Classes are held in the reading room of the Moravian Archives, located at 41 W. Locust Street, Bethlehem, Pennsylvania. During the course of the seminar the reading room will be closed to all other researchers. The Archives is located on the north campus of Moravian College.
The fee for the script course is $850.00 and includes the following instructional materials:
We require a deposit of $100.00 upon registration. Your registration becomes active after receipt of the deposit.
The deposit will be fully refunded towards cancellations prior to May 1, 2020. For cancellations made between May 1 and May 21, 2020, we will return $50.00 of the deposit. The deposit for the course is non-reimbursable for cancellations after May 21, 2020.
Housing costs are not included.
There are various hotels, airbnb’s, and guest houses in the Bethlehem area. All German Script attendees are eligible for housing at Moravian College.
The housing registration period is April 1-May 1. Please note that the registration for housing is separate from registration for the course. To register for campus housing please complete this form.
Moravian College accommodations include: a single room in an air-conditioned 5-person townhouse within walking distance of the Moravian Archives and include small efficiency kitchens, access to laundry, cable, wireless, and linens. Guests are encouraged to provide their own toiletries and cooking utensils. The weekly rate for housing is $170 a person; or $65/week plus $15/night lodging rates.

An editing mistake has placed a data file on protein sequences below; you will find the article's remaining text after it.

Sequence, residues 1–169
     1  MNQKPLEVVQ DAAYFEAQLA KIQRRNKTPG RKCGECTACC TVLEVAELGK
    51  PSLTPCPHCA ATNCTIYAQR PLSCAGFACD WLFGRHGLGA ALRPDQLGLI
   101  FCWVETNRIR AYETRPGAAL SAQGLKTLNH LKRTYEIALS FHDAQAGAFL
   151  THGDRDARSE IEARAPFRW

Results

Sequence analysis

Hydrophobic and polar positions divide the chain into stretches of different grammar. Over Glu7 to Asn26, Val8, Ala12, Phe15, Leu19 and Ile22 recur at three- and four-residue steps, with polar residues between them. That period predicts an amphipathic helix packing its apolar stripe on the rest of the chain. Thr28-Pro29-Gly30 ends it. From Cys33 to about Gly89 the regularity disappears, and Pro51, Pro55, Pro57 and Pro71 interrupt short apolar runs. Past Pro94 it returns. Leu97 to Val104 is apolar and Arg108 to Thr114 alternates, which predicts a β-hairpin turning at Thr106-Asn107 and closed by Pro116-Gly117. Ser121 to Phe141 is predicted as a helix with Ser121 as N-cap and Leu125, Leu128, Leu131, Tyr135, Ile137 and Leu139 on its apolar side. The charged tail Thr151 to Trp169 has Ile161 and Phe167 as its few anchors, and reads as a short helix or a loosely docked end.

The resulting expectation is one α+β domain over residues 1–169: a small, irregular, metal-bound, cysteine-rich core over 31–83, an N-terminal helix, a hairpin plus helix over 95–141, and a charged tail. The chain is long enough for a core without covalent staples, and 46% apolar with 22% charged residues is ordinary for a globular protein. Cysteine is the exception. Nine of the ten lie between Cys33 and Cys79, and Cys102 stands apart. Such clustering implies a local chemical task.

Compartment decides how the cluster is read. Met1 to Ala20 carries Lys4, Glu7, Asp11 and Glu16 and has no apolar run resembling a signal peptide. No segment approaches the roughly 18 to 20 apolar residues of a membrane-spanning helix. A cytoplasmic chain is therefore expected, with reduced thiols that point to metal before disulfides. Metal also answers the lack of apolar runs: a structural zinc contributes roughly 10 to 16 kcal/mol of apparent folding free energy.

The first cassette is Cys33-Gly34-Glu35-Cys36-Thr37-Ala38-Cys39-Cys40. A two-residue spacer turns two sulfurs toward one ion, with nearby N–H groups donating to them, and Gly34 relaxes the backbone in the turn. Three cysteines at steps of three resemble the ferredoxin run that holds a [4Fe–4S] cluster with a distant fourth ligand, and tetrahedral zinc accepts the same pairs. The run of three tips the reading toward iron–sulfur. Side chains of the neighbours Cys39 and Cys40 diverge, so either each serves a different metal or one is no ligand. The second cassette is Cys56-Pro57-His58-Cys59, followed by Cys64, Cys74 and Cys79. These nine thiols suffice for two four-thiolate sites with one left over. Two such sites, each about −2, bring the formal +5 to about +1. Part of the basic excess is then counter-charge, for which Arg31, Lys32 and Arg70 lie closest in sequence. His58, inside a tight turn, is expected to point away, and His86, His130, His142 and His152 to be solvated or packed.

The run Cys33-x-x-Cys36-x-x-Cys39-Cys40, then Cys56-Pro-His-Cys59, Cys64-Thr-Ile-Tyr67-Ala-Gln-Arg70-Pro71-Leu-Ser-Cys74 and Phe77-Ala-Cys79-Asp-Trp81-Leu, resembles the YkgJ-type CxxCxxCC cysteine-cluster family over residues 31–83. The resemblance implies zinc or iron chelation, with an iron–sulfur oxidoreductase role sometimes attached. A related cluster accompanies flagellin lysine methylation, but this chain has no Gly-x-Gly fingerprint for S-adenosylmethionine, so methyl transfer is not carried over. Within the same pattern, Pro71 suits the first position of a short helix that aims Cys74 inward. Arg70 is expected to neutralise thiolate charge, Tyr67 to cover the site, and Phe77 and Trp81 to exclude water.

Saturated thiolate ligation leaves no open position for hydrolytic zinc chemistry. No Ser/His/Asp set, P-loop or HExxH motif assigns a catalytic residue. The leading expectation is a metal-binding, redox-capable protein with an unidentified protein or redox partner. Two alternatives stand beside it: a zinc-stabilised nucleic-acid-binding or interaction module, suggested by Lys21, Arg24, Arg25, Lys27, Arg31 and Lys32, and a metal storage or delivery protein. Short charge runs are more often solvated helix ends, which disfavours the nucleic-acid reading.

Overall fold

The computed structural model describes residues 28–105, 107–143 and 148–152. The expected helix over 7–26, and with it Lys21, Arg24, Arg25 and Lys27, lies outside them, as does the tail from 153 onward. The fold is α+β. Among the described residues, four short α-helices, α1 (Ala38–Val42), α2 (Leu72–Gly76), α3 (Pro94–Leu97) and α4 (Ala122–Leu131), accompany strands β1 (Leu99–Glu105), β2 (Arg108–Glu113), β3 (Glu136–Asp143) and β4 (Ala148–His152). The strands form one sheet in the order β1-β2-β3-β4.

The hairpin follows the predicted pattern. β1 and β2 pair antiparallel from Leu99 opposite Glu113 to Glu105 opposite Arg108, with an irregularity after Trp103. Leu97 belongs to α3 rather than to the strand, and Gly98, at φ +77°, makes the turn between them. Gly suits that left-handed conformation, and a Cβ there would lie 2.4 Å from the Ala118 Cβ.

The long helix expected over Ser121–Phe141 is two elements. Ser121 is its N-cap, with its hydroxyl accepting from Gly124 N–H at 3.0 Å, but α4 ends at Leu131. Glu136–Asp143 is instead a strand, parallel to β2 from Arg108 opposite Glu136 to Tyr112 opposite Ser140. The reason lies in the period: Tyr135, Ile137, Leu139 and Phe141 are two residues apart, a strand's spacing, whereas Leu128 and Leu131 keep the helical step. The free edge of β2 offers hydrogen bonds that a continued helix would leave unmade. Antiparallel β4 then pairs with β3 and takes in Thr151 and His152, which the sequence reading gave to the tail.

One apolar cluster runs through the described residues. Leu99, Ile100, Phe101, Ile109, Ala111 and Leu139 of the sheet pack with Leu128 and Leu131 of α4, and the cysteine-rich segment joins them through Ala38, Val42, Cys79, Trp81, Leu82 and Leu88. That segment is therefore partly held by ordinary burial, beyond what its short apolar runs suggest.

For specific questions contact Suzanne Moyer at the Office of Housing & Event Management after April 1 at email@example.com, 610-861-1418
Registration for housing is separate, see above.
To register, complete the form below. You can pay your deposit of $100 (or the entire course fee) during the submission process. If you’d rather send a check, you may send it to:
41 W. Locust St.
Bethlehem PA 18018-2757.
Make checks payable to Moravian Archives.
The Moravian Archives brings history to life!
The Moravian Archives is pleased to offer presentations here or at your school given by Thomas McCullough, Assistant Archivist, which can be tailored in length and content to suit your students. Mr. McCullough has been teaching workshops in the community since 2015.
The Moravian Archives looks forward to working with local schools in an effort to educate students by illuminating history, the significance of libraries and archives, and the study of languages. We would be happy to modify our program to incorporate information pertaining to your curriculum or the history of your local community, and we welcome any suggestions or comments. The presentations typically focus on Moravians as a Bethlehem community, not a religion.
Teachers can choose from the following topics:
Through a fun deciphering exercise, students will learn that early Moravian records were written in German script—not only a foreign language, but also a handwriting different from what we use today.
Students will learn what an archives is and the similarities and differences between an archives and a library. They will learn about the Archives’ collections, who uses the facility and how materials are stored.
Contact Mr. McCullough at firstname.lastname@example.org for more information or to schedule a workshop.